Transact partners with University of Limerick on unique Immersive Software Engineering program

January 12, 2023

Life On Campus

“I expect the program to be an incubator of software industry innovators.” 

~ John Burton, VP of Product Development, Transact Campus 

There’s a high demand for software engineers worldwide, prompting companies and universities to get creative in their quest to find top tech talent. One such creative approach is called the Immersive Software Engineering (ISE) program at the University of Limerick (UL) in Limerick, Ireland. John Burton, Vice President of Product Development at Transact Campus, serves as program liaison for students placed at Transact’s Limerick office. Burton and John Gleeson, General Manager at Transact, have a history of partnering with UL on courses, but this is Transact’s first engagement. 

“It’s because we feel very strongly about it,” said Burton. 

“Computer science is not taught this way anywhere else in the world,” he said. “It’s the only program of its kind.” 

The unique course allows students to earn a master’s degree in four years as opposed to five or six years. It’s taught in a studio environment, and students are treated as employees, working 40 hours a week. 

“It’s similar to the way medical students are taught; they have residencies where students can get hands-on learning,” said Burton. 

Students are placed or “embedded” in a software company, such as Transact, to solidify what they’ve learned in the course through real-world interaction with software teams. Acceptance in the course is highly competitive, with only 26 accepted since the program began in September 2022. 

“These students have an exceptional amount of intellectual horsepower. Some have been coding since they were 12 or 14. They must have high grades and a strong portfolio to be admitted into the program,” said Burton. 


Burton works closely with Gleeson, who handles the program’s logistics. 

Tech giants such as Stripe and AWS are just a few of the companies participating in the program along with Transact. The idea for the program came from John Collison, co-founder and President of Stripe, the payment platform corporation. 

“Participating companies submit proposals on how they will include students in their development and product teams as part of their residencies. Only proposals that align with course outcomes for the semester are selected for review by students, so there’s an element of competition from a company perspective. Students view the company proposals and rank their favorites. Each company interviews two students and then one is selected to assist with a company project. It’s a paid residency,” said Burton. 

When students are placed at Transact’s Limerick office, they will be put on project teams. 

“We’ll immerse them in a software engineering team on a product. They’ll have mentors to work with and shadow,” he said. 

Burton, along with representatives at other tech companies, met the students at a workshop this past fall. 

“In week two of the ISE program, they showed us storyboards of the projects they’ve been working on. I was quite impressed with the students—they are highly competitive and want to be the best,” said Burton.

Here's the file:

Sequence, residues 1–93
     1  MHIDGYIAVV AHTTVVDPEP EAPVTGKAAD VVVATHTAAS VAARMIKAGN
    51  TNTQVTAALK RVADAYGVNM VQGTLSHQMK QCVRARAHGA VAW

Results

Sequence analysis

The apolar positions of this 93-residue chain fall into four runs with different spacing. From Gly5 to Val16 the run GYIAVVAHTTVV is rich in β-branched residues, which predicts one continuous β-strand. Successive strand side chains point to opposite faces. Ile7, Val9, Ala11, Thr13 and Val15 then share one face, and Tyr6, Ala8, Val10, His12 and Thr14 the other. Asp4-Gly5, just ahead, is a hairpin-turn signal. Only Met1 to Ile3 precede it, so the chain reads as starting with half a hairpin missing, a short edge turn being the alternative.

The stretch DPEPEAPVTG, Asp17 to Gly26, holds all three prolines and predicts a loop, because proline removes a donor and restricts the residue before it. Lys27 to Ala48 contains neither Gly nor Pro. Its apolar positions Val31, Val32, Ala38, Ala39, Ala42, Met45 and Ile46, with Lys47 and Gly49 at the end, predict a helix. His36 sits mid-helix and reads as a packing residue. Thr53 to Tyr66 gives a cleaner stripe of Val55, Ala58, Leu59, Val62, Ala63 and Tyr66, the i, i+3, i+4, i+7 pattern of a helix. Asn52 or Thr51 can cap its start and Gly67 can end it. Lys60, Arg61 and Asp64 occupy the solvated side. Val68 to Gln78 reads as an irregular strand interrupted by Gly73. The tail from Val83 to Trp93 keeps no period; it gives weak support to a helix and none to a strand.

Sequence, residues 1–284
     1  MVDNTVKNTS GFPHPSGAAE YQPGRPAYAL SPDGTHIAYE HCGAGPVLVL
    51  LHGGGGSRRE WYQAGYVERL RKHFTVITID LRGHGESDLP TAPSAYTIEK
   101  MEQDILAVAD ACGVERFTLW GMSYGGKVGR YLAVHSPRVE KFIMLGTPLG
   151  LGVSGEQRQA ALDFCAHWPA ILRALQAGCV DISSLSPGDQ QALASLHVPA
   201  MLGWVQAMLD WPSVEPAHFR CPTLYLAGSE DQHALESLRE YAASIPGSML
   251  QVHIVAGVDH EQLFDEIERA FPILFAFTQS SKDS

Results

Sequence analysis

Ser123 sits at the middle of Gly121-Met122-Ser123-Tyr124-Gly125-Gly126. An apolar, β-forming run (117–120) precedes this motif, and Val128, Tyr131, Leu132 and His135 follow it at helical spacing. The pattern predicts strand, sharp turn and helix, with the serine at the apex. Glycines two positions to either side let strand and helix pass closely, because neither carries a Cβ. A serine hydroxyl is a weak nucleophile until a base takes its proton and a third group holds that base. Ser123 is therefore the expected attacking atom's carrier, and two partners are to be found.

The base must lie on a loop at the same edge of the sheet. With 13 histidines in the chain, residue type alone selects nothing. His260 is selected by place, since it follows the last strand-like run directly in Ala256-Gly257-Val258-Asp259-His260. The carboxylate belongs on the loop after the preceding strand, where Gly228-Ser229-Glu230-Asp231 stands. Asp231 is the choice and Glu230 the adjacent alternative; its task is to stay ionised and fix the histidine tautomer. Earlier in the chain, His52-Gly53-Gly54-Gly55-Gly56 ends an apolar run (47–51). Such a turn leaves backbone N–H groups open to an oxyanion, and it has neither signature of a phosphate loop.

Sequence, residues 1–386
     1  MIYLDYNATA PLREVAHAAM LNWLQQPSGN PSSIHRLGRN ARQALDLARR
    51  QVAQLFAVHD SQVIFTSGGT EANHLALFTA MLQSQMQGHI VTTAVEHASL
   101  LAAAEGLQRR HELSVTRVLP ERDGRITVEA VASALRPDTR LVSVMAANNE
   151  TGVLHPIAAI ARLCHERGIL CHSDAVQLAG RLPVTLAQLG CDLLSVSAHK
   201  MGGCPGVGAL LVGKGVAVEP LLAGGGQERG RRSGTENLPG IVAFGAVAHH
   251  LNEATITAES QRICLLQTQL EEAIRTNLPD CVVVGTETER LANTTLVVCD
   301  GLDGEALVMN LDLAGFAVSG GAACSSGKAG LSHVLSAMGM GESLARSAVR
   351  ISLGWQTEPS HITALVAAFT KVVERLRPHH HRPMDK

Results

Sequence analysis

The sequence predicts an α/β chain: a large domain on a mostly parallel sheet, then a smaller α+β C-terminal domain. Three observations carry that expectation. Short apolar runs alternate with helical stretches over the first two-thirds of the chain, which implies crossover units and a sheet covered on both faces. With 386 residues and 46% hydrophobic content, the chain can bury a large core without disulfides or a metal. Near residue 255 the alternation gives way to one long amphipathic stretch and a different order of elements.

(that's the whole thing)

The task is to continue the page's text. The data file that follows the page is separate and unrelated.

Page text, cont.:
The passion for innovation flows freely between students and instructors in the program. 

“ISE faculty are research-active, meaning they bring new ideas and cutting-edge techniques into the classroom,” said Mark Langtry, a student in the program. 

Eventually, more students will join the program. 

“The aim is to create a pipeline of high-quality candidates. I expect the program to be an incubator of software industry innovators.” 

“We’re trying to change how computer science is taught. The world does not produce enough software engineers, especially with the combination of strong foundations, in-company learning and exposure to research,” said ISE co-director, Professor Tiziana Margaria, who is also Chair of Software Systems at UL’s Department of Computer Science and Information Systems. 

“Demand from companies to participate was extremely high. Each one of the five residencies in companies has a syllabus, learning objectives and the companies provide full project descriptions. Students will be fully graded on their residencies,” said Margaria. 

“Our course has some amazing features. The paid residencies allow us to ‘learn by doing’ at some of the best companies in the world,” said student Amy McMahon. 

 “We collaborate with many Industrial Development Agency (IDA) companies in Ireland and with Enterprise Ireland. We are cooperating with many of the major players in diverse fields of IT and its applications,” she said. 

Stephen Kinsella, co-director of the ISE program, is an Associate Professor of Economics at UL’s Kemmy Business School. He’s also an Irish economist, newspaper columnist, and author. 

“The students are very ambitious and hard-working. Each one is at the top of their class—they're truly the cream of the crop. They’re able to do what looks like magic to muggles like myself,” said Kinsella. 

“They have no final exams and work full-time here in a studio environment. Most learning is hands-on. We treat them like young employees in training,” said Margaria. 

“Their career starts now. Every meeting is treated like a work meeting, and they come prepared,” said Barry Floyd, Professor of Information Systems Management, California Polytechnic University, USA, and ISE Scientific Advisory Committee member. 

Transact, a member of the Industry Advisory Board and advisor on overall course structure, donated a €10,000 scholarship for qualified female students admitted to the ISE program. 

“John Gleeson from Transact was really important for us in championing the course and in providing the scholarship,” said Margaria. 

“Tech has gone from being nerdy to something cool. The younger generation are a lot more tuned in to technology,” said Burton. 

To learn more about the ISE program, click here.